Dr. Deborah Ekstrom, Dr. Kenneth Aluora from Nairobi and Dr. Juris Bunkis all participate in the American Society of Plastic Surgeons meeting in Boston.
Drs Ekstrom and Bunkis were in Boston last week, participating in the American Society of Plastic Surgeons meeting. Dr. Bunkis was asked to moderate some panels and to judge some poster displays. As always, yes, some work was involved but we got to see old friends and colleagues, meet some new people, eat some fabulous meals, enjoy some old sights, visit with children and grandchildren and see some new sights.
In the game of dominoes, the pieces are laid end to end – each piece that is laid down determines the next move. In life as well, one activity makes another play out down the road. Dr. Bunkis moderated a number of papers presented by young surgeons from around the country on Thursday. Dr. Bunkis’ co-moderator was Dr. Kenneth Aluora from the University of Nairobi, Kenya, a young plastic surgeon at the Kenyatta National Hospital. Pleasantries and business cards were exchanged…..and at the end of the session, more serious discussions took place. Dr. Aluora invited Dr. Bunkis and Dr. Ekstrom to visit him in Nairobi, to give some lectures and to operate with the residents there, and to have Dr. Ekstrom provide some trainings on behalf of her company, Money Loves Women. (And yes, we were invited to go on a safari as part of our trip). Dates are yet to be determined……but one connection just leads to another in life, creating a wondrous web of rich opportunities. You could call it serendipity, or as it is for us, a delightful game of dominoes.
Surgery Spotlight: how can a torn earlobe be repaired?
Above you can see before and after photos of an earlobe repair. On the left side, you can see how the area where the ear was pierced tore. After having an earlobe repair the photo on the right shows no tear to be seen!
A common issue for people with pierced ears is that eventually the piercing itself can enlarge or the lobe can tear. When the hole itself is too big it becomes difficult or even impossible to wear earrings. A torn earlobe can happen gradually with a slow stretching of the hole or acutely with traction or trauma. The good news is no matter the cause and size of the tear we can usually fix/restore the lobe to a functional state. The procedure is typically done in the office setting with just local anesthetic, and it can be completed in less than an hour. This procedure is minimally invasive, fast and patients go home immediately after the operation and can resume light activities. Most patients can resume work the following day or even the same day.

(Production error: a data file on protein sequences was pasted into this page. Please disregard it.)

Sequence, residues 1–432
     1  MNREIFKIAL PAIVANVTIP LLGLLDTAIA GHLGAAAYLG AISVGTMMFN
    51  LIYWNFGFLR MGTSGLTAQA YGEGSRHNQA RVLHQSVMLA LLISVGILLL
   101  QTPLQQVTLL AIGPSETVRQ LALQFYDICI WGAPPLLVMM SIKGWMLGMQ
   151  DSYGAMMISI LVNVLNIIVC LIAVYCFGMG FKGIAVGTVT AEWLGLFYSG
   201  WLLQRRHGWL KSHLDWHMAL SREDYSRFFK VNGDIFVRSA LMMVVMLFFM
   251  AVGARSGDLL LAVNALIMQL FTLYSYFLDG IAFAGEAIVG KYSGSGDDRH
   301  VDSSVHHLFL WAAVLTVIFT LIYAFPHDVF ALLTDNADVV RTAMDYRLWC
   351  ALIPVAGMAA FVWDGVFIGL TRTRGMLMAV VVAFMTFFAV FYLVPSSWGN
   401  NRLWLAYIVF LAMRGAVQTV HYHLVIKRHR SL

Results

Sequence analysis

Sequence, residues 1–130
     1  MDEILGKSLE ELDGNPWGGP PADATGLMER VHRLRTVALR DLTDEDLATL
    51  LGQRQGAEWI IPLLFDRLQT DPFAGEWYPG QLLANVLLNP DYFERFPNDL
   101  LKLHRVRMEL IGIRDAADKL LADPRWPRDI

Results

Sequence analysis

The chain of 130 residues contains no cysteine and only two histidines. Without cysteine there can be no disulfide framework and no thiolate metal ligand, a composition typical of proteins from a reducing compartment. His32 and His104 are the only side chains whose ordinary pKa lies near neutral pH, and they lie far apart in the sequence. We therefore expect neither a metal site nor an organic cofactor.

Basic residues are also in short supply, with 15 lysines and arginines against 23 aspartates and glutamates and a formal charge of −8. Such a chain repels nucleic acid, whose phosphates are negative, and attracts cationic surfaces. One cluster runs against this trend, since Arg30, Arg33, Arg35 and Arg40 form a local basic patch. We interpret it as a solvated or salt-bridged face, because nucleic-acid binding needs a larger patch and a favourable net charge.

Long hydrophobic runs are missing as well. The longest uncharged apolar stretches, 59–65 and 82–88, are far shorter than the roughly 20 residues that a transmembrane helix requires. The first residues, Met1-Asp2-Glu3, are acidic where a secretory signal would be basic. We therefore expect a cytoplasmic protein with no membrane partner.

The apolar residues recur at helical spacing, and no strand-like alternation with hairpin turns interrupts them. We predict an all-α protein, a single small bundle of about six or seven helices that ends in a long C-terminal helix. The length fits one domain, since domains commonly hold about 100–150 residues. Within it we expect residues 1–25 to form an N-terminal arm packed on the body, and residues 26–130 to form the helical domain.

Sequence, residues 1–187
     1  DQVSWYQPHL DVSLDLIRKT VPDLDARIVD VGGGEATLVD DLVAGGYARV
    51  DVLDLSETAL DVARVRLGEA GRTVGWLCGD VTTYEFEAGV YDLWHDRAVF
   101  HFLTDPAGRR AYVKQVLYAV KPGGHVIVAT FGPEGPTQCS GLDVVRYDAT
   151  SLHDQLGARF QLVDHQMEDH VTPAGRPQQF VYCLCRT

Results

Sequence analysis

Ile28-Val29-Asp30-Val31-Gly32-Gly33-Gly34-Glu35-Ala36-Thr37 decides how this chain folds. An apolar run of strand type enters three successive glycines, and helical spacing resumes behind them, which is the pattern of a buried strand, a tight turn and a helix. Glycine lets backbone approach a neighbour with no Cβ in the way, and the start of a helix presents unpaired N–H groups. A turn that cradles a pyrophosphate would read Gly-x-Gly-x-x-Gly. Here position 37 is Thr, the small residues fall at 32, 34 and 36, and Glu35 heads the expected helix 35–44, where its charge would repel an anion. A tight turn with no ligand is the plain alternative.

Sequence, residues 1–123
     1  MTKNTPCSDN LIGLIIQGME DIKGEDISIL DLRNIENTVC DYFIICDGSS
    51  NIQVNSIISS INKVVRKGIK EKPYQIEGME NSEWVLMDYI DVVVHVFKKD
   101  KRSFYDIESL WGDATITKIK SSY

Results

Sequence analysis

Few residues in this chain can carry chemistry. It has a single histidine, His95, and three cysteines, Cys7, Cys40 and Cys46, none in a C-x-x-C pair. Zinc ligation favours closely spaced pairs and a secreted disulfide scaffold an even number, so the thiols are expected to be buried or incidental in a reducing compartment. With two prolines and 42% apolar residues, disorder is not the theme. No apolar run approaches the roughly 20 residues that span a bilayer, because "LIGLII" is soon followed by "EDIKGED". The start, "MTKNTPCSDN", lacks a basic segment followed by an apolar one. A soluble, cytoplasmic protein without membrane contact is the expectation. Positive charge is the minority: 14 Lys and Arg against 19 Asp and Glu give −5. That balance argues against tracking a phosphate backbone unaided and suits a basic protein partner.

The procedure itself is always tailored to the individual and typically some ear lobe is remove in order to restore the shape and function. Depending on the situation the scar maybe be entirely within the earlobe or may extended to the border of your earlobe. In any case, incisions are closed with sutures, which are usually removed after one to two weeks. Removing damaged tissue makes enlarged, attenuated earlobes smaller and and more youthful. I ask my patients to wait several months before piercing them again.
Recovering from earlobe surgery includes some expected redness and swelling for a few days, followed by scar maturation which can take up to a year. Below is a link to an earlobe repair video performed at our office!
If you want to see if you can have any part of your body improved, contact us for a consultation:
For CA, please call 949-888-9700 or visit www.orangecountyplasticsurgery.com
Or for MA location, call 508-755-4825 or visit www.salisburyps.com
You can write to
Dr. Compoginis at email@example.com
Dr. Bunkis at firstname.lastname@example.org
or Dr. Ekstrom at email@example.com